In an attempt to generate awareness of racial issues on campus, the African American Society (Af-Am) put up a Bias Incident Display in Smith Union on Friday, November 20. The display—a poster with stories of student experiences—aims to bring to light the often under-discussed and overlooked microaggressions that minority groups are subject to routinely at Bowdoin. 

The idea for the display originated when Mariam Nimaga ’17, a member of the Af-Am board and head of Af-Am’s Activism Committee, attended a meeting with President Clayton Rose, Dean of Student Affairs Tim Foster and other Af-Am board members as well as leaders from various multicultural groups on campus. The meeting was held in response to October’s “Gangster Party” incident and the campus-wide discussions surrounding race that followed. 

“People shared their stories, and these were stories I didn’t know about, Rose didn’t know about and Foster didn’t know about,” said Nimaga. “I realized that people’s stories should be known.”

The stories display a range of reports of race, religion and sexuality-based offenses both on and off campus.

“I’m hoping that this [display] will expose to students, faculty and staff that students are going through these bias incidents. Even though they might not report it, it’s still happening on campus,” said Nimaga.

While some stories recount various slurs shouted from passing cars in Brunswick, others tell of bias incidents among students, staff and faculty. One story describes an encounter when a white staff member asked a black student whether or not the use of the n-word in a song was appropriate. The student said no, and the staff member sang the song regardless.

Two of the stories report Bowdoin Security stopping and questioning students of color and requesting to see their student IDs while the students were on campus. 

Another recounts a sexual encounter during which the author felt “fetishized and unsafe” because the man she was with would repeatedly ask her if she were a lesbian, as he had seen her name on the OutPeers list.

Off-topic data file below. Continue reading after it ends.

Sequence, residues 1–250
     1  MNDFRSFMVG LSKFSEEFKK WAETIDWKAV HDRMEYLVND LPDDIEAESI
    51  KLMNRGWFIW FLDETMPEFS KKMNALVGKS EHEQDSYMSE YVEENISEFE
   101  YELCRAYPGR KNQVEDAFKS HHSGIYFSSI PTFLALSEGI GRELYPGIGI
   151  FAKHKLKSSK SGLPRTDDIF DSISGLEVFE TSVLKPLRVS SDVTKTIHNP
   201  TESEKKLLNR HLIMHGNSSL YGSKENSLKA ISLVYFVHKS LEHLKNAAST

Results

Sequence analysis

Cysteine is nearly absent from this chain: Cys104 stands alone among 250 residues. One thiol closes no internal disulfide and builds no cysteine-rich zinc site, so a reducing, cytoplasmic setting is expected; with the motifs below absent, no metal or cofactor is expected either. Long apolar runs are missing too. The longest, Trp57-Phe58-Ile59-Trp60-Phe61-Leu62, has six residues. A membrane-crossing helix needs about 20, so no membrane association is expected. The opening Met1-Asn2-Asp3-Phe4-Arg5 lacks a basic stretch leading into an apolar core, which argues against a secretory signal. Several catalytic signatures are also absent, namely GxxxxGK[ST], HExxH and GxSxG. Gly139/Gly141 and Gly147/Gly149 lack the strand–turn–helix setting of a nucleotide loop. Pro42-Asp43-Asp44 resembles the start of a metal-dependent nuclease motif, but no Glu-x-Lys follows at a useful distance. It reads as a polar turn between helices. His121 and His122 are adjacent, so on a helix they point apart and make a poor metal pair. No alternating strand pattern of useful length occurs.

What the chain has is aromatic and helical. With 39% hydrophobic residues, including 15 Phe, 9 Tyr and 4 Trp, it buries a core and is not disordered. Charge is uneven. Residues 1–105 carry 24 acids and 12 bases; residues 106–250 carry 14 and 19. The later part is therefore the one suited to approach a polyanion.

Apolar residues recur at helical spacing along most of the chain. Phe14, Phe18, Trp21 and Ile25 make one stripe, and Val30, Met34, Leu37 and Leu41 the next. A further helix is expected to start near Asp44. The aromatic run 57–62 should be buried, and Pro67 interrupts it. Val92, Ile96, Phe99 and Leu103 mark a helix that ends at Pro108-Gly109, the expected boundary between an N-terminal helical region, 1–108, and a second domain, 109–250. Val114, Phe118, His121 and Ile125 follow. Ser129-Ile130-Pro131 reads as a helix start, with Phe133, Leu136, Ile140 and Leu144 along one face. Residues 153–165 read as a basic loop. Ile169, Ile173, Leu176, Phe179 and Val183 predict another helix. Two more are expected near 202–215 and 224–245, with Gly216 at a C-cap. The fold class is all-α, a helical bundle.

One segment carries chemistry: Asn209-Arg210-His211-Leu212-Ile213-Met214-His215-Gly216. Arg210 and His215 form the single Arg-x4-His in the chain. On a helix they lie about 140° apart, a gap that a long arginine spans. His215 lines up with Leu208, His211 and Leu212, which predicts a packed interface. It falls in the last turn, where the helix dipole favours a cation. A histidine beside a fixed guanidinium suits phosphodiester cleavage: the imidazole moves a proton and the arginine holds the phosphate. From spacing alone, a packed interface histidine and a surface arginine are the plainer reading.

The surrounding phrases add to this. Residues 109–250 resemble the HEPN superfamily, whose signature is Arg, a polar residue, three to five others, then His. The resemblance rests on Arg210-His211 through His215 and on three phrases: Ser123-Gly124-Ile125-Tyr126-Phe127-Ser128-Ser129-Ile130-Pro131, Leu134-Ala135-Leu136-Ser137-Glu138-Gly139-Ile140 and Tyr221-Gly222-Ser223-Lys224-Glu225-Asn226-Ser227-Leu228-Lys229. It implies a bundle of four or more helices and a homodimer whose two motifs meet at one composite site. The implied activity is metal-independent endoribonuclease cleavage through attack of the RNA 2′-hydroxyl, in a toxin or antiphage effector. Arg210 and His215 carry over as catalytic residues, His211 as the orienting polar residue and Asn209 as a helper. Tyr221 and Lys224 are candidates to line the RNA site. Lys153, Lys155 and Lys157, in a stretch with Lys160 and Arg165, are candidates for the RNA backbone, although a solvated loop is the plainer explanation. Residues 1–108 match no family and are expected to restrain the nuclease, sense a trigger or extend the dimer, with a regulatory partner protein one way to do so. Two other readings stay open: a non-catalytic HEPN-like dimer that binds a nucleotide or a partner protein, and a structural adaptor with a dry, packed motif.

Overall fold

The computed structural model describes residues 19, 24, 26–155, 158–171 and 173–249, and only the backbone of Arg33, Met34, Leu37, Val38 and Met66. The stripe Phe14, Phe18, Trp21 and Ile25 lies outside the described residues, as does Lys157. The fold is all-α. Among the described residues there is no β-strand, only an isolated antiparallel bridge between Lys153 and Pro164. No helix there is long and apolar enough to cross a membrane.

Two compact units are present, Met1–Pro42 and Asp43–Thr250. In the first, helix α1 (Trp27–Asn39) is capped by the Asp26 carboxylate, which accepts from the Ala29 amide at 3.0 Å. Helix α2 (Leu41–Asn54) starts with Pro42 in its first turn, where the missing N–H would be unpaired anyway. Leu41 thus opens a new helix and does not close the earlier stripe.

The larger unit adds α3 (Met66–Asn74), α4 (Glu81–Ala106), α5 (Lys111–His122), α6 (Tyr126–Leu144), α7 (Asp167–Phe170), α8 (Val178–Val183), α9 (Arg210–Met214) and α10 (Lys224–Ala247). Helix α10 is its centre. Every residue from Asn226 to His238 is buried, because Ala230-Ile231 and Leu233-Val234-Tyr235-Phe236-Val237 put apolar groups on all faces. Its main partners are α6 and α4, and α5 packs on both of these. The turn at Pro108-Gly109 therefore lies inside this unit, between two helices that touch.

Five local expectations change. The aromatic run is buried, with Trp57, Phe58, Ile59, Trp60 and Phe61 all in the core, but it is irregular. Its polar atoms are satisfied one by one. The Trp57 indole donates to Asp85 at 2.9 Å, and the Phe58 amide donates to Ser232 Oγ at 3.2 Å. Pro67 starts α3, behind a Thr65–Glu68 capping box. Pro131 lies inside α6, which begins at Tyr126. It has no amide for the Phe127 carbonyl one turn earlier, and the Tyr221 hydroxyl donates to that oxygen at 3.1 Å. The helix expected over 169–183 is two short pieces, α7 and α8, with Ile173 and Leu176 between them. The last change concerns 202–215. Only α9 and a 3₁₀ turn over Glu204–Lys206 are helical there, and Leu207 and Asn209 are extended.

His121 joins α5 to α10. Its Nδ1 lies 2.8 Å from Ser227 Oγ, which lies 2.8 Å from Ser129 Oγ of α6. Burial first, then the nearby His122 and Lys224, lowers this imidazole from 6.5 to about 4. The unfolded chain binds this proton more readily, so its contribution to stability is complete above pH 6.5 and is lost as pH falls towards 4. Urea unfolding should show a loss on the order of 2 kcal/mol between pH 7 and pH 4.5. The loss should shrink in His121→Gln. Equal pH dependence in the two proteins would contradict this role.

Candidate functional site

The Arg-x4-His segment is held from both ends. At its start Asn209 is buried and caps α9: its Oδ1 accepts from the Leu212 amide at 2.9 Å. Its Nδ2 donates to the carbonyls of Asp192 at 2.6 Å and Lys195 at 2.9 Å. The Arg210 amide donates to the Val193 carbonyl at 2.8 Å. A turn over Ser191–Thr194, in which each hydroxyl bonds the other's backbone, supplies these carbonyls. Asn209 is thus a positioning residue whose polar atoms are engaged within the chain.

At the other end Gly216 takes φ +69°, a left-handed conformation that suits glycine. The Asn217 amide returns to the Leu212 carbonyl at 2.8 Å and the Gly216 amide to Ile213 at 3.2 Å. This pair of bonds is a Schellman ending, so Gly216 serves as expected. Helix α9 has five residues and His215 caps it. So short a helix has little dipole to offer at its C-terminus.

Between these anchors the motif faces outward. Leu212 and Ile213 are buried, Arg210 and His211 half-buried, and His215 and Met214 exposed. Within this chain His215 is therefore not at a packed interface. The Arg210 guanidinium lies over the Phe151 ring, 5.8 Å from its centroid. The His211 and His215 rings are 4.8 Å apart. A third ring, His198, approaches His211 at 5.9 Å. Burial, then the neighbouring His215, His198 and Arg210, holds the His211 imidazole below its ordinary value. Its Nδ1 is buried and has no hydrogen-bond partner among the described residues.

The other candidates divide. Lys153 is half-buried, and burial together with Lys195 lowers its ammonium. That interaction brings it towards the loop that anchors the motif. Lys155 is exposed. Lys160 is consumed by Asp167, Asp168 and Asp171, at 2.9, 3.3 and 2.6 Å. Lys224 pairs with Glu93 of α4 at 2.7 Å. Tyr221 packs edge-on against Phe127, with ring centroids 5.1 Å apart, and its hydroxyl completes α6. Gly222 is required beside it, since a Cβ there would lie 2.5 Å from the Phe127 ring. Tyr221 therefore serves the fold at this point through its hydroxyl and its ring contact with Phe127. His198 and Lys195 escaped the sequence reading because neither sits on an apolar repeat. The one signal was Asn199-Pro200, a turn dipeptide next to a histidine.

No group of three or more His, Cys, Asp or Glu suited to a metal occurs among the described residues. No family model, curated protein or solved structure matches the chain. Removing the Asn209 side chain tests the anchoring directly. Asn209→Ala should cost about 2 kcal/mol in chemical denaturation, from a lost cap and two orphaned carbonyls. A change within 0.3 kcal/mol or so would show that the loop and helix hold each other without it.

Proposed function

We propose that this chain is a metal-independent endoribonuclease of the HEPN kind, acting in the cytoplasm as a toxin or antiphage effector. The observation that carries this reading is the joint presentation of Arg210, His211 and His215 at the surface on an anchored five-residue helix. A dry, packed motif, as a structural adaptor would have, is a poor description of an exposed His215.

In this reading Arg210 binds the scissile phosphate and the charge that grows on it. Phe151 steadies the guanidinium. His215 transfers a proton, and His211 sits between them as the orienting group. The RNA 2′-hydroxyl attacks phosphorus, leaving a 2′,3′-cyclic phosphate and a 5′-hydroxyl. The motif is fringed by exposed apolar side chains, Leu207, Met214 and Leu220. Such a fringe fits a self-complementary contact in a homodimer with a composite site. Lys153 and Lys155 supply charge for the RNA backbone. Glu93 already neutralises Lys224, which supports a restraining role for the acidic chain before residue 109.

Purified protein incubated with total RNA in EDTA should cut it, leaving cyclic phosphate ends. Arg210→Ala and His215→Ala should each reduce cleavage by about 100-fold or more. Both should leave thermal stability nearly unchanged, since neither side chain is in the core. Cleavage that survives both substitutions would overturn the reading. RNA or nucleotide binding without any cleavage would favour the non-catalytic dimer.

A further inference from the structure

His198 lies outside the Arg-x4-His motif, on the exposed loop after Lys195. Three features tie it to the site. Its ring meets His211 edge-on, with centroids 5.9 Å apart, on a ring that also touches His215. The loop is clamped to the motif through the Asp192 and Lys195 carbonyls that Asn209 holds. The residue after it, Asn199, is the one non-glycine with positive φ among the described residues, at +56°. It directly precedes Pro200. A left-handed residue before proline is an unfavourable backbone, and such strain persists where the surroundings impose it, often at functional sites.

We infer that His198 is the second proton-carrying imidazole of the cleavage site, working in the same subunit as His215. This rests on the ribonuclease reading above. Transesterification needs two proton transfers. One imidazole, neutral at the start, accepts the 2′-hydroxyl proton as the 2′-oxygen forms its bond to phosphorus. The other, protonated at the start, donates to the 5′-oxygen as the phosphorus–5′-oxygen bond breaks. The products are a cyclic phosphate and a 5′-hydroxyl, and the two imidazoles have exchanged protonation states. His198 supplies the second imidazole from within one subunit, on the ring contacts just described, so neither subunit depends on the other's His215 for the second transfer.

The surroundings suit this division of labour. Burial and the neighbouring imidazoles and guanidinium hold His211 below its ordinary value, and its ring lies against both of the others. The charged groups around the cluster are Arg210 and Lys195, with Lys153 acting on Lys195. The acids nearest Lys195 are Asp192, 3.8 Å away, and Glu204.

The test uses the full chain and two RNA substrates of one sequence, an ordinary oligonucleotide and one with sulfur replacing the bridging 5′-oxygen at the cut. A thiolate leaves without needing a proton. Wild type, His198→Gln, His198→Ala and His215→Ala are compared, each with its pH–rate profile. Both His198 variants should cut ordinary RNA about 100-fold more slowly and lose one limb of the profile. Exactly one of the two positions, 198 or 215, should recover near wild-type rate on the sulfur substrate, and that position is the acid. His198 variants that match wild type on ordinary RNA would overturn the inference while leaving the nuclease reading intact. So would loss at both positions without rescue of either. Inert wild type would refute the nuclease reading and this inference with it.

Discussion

“I repeatedly told him no…[he] was fixated on my queerness,” the story read. 

One story explained, “Telling the stories and incidents that have happened to me on campus cannot begin to describe the pain I feel inside.”

This display is the first of its kind at the College. Each story was anonymously submitted through a survey that Nimaga shared with members of Af-Am, the Women’s Resource Center, the Africa Alliance and the College’s multicultural coalition.     

“These students are probably not comfortable reporting them, or they just deal with them because they happen so often,” said Nimaga. 

The Bias Incident Display will be up in the Union for three weeks. 

“A lot of students do feel that here at Bowdoin, we’re just studying, everything is great, but these things do happen,” Nimaga said.

The display was not the College’s only response to bias incident events on campus. The College’s Bias Incident Group, composed of students and faculty and chaired by Rose, is now working to outline specific procedures for how the school can most appropriately respond to different types of bias incidents. According to an email from the group sent to students, faculty and staff on November 24, the group plans to define this protocol within the first two weeks of the spring semester. 

All members of the Bowdoin community are encouraged to send ideas and comments for the Bias Incident Group to before winter break. The group plans to have a proposal for bias incident protocol in the first two weeks of the new semester.